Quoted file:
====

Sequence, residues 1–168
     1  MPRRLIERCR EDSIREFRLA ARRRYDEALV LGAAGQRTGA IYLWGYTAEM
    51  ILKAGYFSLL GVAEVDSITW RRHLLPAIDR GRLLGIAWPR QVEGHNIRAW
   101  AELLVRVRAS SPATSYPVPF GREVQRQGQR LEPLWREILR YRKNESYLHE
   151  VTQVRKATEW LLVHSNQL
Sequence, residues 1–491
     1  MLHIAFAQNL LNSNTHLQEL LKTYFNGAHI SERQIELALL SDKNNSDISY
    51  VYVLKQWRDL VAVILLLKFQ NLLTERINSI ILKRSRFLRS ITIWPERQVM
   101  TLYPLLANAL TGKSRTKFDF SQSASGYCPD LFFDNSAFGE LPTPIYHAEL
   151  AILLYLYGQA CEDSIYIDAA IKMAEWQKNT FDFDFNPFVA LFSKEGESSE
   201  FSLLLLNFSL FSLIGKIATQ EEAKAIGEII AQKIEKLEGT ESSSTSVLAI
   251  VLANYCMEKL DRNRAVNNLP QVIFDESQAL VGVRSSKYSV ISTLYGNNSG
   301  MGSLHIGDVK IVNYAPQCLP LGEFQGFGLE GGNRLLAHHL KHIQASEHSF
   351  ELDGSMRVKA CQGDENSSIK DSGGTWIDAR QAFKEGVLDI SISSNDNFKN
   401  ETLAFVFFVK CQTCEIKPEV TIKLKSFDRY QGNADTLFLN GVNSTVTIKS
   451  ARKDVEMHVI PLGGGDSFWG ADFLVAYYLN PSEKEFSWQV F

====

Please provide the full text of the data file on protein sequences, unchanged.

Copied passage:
Sequence, residues 1–168
     1  MPRRLIERCR EDSIREFRLA ARRRYDEALV LGAAGQRTGA IYLWGYTAEM
    51  ILKAGYFSLL GVAEVDSITW RRHLLPAIDR GRLLGIAWPR QVEGHNIRAW
   101  AELLVRVRAS SPATSYPVPF GREVQRQGQR LEPLWREILR YRKNESYLHE
   151  VTQVRKATEW LLVHSNQL
Sequence, residues 1–491
     1  MLHIAFAQNL LNSNTHLQEL LKTYFNGAHI SERQIELALL SDKNNSDISY
    51  VYVLKQWRDL VAVILLLKFQ NLLTERINSI ILKRSRFLRS ITIWPERQVM
   101  TLYPLLANAL TGKSRTKFDF SQSASGYCPD LFFDNSAFGE LPTPIYHAEL
   151  AILLYLYGQA CEDSIYIDAA IKMAEWQKNT FDFDFNPFVA LFSKEGESSE
   201  FSLLLLNFSL FSLIGKIATQ EEAKAIGEII AQKIEKLEGT ESSSTSVLAI
   251  VLANYCMEKL DRNRAVNNLP QVIFDESQAL VGVRSSKYSV ISTLYGNNSG
   301  MGSLHIGDVK IVNYAPQCLP LGEFQGFGLE GGNRLLAHHL KHIQASEHSF
   351  ELDGSMRVKA CQGDENSSIK DSGGTWIDAR QAFKEGVLDI SISSNDNFKN
   401  ETLAFVFFVK CQTCEIKPEV TIKLKSFDRY QGNADTLFLN GVNSTVTIKS
   451  ARKDVEMHVI PLGGGDSFWG ADFLVAYYLN PSEKEFSWQV F